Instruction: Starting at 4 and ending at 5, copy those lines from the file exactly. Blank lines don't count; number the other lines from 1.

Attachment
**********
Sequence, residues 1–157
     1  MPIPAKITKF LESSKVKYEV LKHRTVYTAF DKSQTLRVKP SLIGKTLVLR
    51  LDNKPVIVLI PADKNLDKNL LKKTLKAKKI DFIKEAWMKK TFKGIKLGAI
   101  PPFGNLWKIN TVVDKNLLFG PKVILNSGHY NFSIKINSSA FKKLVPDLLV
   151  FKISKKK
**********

   101  PPFGNLWKIN TVVDKNLLFG PKVILNSGHY NFSIKINSSA FKKLVPDLLV
   151  FKISKKK